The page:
Middle managers cite stagnancy, mismanagement, poor work-life balance and insufficient pay among their workplace grievances in a new survey.
Middle managers around the world are malcontent, and feel stagnant in their positions, according to the results of an annual survey released Jan. 9 by Accenture, the New York-based global management consulting, technology services and outsourcing company.
In surveying more than 1,400 middle managers in nine countries spanning North America, Europe and Asia, the study found that on average, just four out of 10 respondents said that they were "extremely" or "very" content in their current places of employment. A full 20 percent expressed unwavering dissatisfaction.
Nearly half of respondents (44 percent) chose insufficient compensation as the most aggravating aspect of their jobs. Nearly the same number (43 percent) felt they did all the work but other people got the credit.
More than one-third (35 percent) felt balancing work and personal time was nearly impossible due to the demands of their job, and the same number said they were frustrated because they had no clear career path.
Almost one-quarter (23 percent) of middle mangers said they were currently looking for jobs elsewhere, with one-quarter (25 percent) saying the primary motivation was better prospects for advancement, and 22 percent felt theyd have better work conditions at another job.
Only about one-third of respondents said that their companies were good or excellent at managing compensation, including benefits (30 percent), flexible work arrangements (34 percent) and prospects for advancement (35 percent).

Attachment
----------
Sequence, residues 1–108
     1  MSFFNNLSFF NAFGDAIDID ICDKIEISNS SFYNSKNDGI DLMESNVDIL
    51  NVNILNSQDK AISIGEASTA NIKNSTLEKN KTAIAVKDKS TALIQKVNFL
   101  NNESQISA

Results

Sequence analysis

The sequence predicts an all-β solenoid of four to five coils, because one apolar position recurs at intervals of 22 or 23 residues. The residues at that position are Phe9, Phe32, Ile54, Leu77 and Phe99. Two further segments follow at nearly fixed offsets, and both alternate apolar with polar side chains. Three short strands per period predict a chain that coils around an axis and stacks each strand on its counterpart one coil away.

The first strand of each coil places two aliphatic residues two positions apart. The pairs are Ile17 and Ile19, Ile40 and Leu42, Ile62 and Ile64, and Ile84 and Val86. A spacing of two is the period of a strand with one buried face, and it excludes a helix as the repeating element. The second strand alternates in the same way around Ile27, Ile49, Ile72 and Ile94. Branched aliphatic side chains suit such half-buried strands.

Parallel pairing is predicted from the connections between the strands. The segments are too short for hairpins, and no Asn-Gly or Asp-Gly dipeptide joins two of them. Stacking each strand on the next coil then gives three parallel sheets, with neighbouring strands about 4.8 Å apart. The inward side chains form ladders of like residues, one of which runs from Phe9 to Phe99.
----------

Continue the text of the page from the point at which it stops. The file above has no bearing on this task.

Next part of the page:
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"Senior managers have an untapped opportunity to engage their middle managers," Peter Cheese, managing director of Accentures Human Performance practice, said in a statement.
"Low levels of engagement in such a critical segment of the workforce will affect performance and achievement of strategic goals. As the pressure on key skills and talent increases with the pace of change and demographic influences, those companies that manage this population of workers best will create sustainable competitive advantage and be the high performers of the future."
Though 30 percent across all countries, the largest share of middle managers, used the word "mismanaged" to describe their organizations, variations in responses across countries led to the United States, Spain, Germany and Australia showing generally higher levels of satisfaction than those in other countries.
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